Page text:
If I got a dollar each time I heard someone say, “As a father of daughters” or, “as a brother to sisters” every time they talked about sexual assault, I would have enough to pay off everyone’s student loans. Why is it that our society dictates a sort of qualifier required to take a stand against crimes of sexual assault— an invisible social preclusion of gender that somehow excuses men from the conversation? Why does the language that descries sexual assault so often specify a connection to women to emphasize that sexual assault should not occur? Sexual assault should be damnable without the fact that everyone “has a mother,” “has a girlfriend,” or “has a female friend.”

It is ever-critical we address the issue of sexual assault and the conversation surrounding sexual assault because of the sobering fact that most (almost all, relatively speaking) of the “me too” hash-tagged posts were not detailing stories about Harvey Weinstein. They were speaking of attacks from the regular creeps, committed by the average Joe. Just as we must condemn Weinstein, we must condemn the virulent perpetrators, complicit ideologies, and rape culture that precedes all violence against women.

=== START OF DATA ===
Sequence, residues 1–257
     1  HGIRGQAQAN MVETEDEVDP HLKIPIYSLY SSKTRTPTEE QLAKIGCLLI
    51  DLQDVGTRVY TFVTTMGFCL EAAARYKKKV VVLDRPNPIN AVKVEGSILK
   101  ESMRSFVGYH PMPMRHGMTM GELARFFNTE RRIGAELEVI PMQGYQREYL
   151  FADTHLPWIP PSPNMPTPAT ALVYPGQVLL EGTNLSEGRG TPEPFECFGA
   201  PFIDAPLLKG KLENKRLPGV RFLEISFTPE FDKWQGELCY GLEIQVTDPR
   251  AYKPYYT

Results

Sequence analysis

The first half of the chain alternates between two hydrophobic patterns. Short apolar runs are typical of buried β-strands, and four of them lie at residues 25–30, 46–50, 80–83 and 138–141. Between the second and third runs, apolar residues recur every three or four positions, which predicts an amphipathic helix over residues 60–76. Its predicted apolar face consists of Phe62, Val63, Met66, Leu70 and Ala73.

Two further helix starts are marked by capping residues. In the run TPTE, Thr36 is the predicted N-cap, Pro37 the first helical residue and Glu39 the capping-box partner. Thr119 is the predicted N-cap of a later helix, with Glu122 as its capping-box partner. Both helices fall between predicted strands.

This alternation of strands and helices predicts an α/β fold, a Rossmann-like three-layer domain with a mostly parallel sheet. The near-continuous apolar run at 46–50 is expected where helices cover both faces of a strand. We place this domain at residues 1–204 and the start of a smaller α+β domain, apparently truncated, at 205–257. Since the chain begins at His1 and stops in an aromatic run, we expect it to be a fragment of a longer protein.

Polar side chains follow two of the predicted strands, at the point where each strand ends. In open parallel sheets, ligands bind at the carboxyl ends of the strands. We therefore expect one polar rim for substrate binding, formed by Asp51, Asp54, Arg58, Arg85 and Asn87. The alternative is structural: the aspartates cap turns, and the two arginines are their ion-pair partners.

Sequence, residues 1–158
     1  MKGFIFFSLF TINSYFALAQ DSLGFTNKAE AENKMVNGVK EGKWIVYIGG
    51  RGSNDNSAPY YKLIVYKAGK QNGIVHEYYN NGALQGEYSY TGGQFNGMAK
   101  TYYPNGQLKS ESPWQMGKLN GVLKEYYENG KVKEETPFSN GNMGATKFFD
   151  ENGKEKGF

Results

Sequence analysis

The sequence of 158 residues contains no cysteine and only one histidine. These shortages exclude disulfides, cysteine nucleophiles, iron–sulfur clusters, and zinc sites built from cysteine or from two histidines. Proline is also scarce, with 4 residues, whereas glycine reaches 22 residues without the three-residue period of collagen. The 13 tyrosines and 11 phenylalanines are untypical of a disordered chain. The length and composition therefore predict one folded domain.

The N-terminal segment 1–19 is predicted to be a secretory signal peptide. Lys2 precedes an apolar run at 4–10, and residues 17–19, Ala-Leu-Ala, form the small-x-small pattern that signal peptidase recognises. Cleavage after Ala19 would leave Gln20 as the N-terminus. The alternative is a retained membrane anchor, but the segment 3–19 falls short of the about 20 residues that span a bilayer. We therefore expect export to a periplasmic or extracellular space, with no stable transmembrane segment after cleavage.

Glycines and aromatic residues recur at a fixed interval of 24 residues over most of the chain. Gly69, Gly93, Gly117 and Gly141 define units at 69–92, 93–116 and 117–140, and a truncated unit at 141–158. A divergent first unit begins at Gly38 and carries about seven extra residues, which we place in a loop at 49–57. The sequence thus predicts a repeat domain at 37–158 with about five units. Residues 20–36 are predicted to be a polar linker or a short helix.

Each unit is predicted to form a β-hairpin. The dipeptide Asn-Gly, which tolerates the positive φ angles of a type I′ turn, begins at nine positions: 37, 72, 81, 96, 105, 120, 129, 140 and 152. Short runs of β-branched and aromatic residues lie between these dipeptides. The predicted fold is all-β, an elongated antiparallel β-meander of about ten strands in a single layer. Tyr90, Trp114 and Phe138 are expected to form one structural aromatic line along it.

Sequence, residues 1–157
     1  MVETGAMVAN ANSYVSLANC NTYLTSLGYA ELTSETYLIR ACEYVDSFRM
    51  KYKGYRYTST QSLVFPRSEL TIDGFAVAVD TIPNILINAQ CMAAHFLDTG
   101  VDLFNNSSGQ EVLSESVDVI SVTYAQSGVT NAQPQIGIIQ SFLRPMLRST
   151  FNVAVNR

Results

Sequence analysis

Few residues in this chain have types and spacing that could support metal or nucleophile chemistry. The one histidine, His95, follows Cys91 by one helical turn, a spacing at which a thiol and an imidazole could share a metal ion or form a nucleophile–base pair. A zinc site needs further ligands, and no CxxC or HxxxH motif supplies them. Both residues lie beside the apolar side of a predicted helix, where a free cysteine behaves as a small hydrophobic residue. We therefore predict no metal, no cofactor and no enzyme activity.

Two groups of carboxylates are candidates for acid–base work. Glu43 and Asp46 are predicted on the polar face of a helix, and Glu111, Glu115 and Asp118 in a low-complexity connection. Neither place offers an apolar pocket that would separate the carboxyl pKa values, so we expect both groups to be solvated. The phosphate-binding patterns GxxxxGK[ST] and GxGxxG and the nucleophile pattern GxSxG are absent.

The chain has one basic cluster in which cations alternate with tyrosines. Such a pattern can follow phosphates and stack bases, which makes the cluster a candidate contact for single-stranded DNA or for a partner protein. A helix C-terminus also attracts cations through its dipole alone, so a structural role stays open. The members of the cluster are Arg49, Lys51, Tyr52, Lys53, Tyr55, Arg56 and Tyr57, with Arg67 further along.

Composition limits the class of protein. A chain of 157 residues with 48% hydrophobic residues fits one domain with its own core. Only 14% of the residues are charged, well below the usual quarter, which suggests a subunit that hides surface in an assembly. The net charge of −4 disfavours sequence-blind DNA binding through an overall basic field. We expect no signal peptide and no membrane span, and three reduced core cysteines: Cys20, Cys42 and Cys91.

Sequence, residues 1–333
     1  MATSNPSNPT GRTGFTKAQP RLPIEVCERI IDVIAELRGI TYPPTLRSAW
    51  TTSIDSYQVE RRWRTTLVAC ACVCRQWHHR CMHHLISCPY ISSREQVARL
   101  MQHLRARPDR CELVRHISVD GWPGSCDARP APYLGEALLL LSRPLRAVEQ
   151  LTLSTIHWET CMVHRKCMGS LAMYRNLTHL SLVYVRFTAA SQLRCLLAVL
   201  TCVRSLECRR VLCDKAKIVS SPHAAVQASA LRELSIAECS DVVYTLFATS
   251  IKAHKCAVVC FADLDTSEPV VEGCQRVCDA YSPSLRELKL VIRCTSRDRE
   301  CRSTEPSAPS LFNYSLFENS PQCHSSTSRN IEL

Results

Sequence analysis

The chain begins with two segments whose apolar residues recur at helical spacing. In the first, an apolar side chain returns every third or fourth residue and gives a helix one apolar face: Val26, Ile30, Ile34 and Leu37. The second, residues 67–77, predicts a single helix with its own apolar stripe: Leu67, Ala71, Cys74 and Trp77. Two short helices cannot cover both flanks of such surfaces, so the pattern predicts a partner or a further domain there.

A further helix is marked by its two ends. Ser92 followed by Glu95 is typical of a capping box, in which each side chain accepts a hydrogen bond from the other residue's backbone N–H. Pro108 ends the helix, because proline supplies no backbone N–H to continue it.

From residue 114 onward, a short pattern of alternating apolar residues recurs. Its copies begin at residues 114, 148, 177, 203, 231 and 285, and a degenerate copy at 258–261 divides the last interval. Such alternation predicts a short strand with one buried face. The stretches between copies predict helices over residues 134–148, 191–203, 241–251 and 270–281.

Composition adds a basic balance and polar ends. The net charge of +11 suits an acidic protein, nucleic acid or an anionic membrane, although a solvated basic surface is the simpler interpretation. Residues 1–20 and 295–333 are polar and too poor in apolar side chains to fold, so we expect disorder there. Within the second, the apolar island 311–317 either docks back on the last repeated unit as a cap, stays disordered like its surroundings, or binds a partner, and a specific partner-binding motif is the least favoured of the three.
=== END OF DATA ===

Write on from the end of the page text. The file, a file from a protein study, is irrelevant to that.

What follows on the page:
1) “Fox knew of Bill O’Reilly harassment settlement before renewing contract” CBS News, October 21st, 2017, (10/31/2017), https://www.cbsnews.com/news/21st-century-fox-knew-of-bill-oreilly-settlement-before-renewing-contract/

2) “Outcry Over Polanski’s Detention,” BBC, September 29th, 2009, (10/31/2017),  http://news.bbc.co.uk/2/hi/8277886.stm.

3) Jess Bidgood, Miriam Jordan and Adam Nagourney, “Sexual Misconduct in California’s Capitol Is Difficult to Escape” The New York Times, October 29th, 2017, (10/31/2017), https://www.nytimes.com/2017/10/29/us/sacramento-sexual-harassment-california.html.

4)  Debra Birnbaum, “Fired Nick Showrunner Chris Savino Responds to Sexual Harassment Allegations: ‘I Am Deeply Sorry’ (EXCLUSIVE)” Variety, October 23rd, 2017 (10/31/2017), http://variety.com/2017/tv/news/loud-house-showrunner-chris-savino-sexual-harassment-allegations-1202596465/.

5) Lisa Respers, “#MeToo: Social media flooded with personal stories of assault,” CNN, October 16th, 2017 (accessed 10/31/2017) https://www.cbsnews.com/news/tarana-burke-me-too-creator-activist-speaks-out/.

6) Lisa Respers, “#MeToo: Social media flooded with personal stories of assault,” CNN, October 16th, 2017 (accessed 10/31/2017) https://www.cbsnews.com/news/tarana-burke-me-too-creator-activist-speaks-out/.

7) Lisa Respers, “#MeToo: Social media flooded with personal stories of assault,” CNN, October 16th, 2017 (accessed 10/31/2017) https://www.cbsnews.com/news/tarana-burke-me-too-creator-activist-speaks-out/.